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Ask the Vet – Dr. Alfred J. Plechner

November 3, 2011 by Tails Magazine in Ask the Vet, November 2011 with 1 Comment

Dr. Alfred J. Plechner    •    DrPlechner.com

Q. My family will be traveling over the holidays, and we would like to take our 4-year-old Boston Terrier, Delilah, with us. She is typically good in the car, but we are considering flying for the approximately 400-mile journey. Do you think flying would be quicker and less stressful for her than driving would be, and, if so, can you recommend any non-narcotic ways of calming her for the duration of the flight?

A. For me, a 400-mile trip during the holidays is a no-brainer—like the Marshall Tucker Band says, I’d “Take the Highway.” Flying can be more problematic for many reasons. Since most airlines require a certificate of health within 10 days of travel, if you will be gone longer than that, you may need a new one for the return trip.

While the actual travel time on a 400-mile plane trip is shorter than a car ride, you must take into account all the commotion and extra time in the airport. Sitting on the tarmac before take-off can be like the Twilight Zone, and during the holidays delays are almost guaranteed! The hustle and bustle of the airport are new experiences for most dogs and can change their normal behavior.

A car trip of that length should average around six to eight hours, pretty close to flying time when all is said and done. However, I believe Delilah will be happier riding in the family truckster, sharing holiday tunes with the family.

Either way, Delilah should receive half the amount of food and water at least an hour before travel. If she travels in the car, her potty breaks should easily coincide with the family‘s needs. Feed her a little dry food or biscuits when the family has something to eat.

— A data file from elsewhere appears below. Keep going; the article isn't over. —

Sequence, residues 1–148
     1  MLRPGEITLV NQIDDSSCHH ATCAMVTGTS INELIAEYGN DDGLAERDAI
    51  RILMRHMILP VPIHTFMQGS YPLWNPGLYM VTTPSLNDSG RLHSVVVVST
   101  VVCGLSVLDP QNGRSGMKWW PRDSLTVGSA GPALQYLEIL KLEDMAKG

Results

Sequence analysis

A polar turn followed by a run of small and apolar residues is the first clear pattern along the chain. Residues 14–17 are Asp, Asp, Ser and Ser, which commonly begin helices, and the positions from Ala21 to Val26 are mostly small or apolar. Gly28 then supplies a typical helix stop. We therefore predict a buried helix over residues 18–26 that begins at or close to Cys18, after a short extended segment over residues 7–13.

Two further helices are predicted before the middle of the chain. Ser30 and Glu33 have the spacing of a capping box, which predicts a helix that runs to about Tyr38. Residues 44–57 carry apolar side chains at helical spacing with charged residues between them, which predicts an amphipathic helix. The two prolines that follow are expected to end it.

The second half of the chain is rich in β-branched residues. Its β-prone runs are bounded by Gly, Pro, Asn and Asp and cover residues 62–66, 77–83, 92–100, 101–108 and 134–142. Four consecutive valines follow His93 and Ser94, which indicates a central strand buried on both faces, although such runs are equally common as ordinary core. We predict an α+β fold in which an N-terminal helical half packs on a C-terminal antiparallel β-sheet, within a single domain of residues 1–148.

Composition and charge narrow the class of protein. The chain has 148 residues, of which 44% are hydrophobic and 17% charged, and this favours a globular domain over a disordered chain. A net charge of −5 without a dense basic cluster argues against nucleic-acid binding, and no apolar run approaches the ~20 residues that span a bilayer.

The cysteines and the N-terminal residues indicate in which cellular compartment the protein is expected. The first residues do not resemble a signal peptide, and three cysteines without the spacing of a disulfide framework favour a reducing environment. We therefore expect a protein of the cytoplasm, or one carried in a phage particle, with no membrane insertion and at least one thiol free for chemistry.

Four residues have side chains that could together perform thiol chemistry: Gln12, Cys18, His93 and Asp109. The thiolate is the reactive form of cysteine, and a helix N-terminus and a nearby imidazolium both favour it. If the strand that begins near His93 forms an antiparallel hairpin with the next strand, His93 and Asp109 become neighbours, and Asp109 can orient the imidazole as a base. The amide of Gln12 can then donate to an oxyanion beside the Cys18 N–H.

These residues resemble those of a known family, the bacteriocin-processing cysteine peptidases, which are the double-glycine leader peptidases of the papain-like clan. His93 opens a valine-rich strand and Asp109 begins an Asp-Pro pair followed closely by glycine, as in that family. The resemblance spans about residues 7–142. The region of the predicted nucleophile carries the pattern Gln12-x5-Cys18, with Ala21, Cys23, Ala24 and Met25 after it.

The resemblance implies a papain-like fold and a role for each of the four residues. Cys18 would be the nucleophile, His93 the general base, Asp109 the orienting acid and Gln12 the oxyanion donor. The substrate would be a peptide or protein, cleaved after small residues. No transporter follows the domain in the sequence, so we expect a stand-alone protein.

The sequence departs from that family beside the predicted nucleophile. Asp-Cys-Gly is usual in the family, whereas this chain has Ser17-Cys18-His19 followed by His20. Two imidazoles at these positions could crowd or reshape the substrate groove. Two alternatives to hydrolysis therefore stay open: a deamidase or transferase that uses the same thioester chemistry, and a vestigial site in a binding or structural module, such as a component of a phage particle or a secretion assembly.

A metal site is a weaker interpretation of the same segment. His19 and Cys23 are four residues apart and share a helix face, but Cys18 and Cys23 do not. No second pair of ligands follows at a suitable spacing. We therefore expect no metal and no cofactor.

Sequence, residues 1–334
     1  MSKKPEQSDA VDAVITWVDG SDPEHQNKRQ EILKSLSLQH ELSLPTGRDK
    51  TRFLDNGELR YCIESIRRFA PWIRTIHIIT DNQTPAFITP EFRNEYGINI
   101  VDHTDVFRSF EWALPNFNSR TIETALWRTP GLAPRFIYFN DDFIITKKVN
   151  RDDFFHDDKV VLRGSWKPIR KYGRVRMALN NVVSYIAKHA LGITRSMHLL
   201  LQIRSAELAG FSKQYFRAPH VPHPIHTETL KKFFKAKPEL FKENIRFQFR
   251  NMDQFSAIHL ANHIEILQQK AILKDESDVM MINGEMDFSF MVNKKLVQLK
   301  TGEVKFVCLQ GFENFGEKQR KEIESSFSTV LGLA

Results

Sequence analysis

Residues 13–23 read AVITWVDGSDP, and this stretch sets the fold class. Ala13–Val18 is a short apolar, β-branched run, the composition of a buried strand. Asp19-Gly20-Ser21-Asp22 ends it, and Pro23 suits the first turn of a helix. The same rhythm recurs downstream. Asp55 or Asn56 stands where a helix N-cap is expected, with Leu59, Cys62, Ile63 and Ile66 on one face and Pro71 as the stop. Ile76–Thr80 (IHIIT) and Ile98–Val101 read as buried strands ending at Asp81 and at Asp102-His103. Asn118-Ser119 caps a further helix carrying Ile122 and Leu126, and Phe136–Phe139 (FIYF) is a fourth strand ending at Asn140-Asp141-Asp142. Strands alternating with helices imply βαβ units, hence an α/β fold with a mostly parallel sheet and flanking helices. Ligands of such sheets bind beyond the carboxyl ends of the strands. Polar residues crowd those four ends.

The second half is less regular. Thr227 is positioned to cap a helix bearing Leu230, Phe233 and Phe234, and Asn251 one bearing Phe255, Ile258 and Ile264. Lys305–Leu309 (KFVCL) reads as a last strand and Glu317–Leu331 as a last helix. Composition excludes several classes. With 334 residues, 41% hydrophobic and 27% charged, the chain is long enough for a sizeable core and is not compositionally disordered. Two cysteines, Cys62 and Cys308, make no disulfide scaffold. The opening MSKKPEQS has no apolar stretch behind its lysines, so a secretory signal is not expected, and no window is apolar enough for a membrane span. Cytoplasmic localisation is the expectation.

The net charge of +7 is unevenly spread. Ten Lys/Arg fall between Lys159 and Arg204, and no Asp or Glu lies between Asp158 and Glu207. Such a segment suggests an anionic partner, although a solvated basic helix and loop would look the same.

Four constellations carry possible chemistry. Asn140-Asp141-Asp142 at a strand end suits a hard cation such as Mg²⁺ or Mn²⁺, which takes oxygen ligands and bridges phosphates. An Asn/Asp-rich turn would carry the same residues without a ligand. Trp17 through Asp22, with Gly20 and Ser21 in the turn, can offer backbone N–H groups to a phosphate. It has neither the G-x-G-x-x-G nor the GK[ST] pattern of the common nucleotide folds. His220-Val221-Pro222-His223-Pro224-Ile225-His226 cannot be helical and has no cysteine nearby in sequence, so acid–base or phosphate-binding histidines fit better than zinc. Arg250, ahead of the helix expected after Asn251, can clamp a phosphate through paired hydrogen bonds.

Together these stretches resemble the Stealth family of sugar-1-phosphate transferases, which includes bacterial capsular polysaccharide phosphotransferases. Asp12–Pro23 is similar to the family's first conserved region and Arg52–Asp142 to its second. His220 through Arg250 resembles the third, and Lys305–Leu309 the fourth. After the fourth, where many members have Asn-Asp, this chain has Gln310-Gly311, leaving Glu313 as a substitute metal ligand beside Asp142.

As for sedation, if needed, natural is the way to go. Make sure you establish the proper dose with her vet before going on your trip. Many people do not do this ahead of time and the results can be traumatic for both the family and the pet. I recommend Rescue Remedy flower essence or antihistamines, rather than chemical or pharmaceutical tranquillizers.

And remember, if your pet has ADHD, is totally out of control, or hates leaving home, I’d find a reputable, licensed and bonded dog sitter to look after her while you’re away. Everyone will be happier!

Bon voyage!

ABOUT the Vet
In over forty years of practice and clinical research, Dr. Plechner’s greatest achievement is his discovery of hormonal imbalances, originating in the middle layer adrenal cortex, which initiate immune system irregularities that can cause a number of catastrophic diseases including; allergies, autoimmunity, cancer and AIDS, in both animals and humans. He also devised the Plechner Protocol, a hormonal replacement therapy used to correct these deadly imbalances. Dr. Plechner also formulated the recipes for Nature’s Recipes pet food, and was vitally instrumental in ending the use of vacuum chambers for euthanasia. Dr. Plechner also conceived and created Stonewood Meadows, a wildlife preserve in the Santa Monica Mountains, which offers governmental agencies an opportunity to heal and relocate captured and injured indigenous wildlife.

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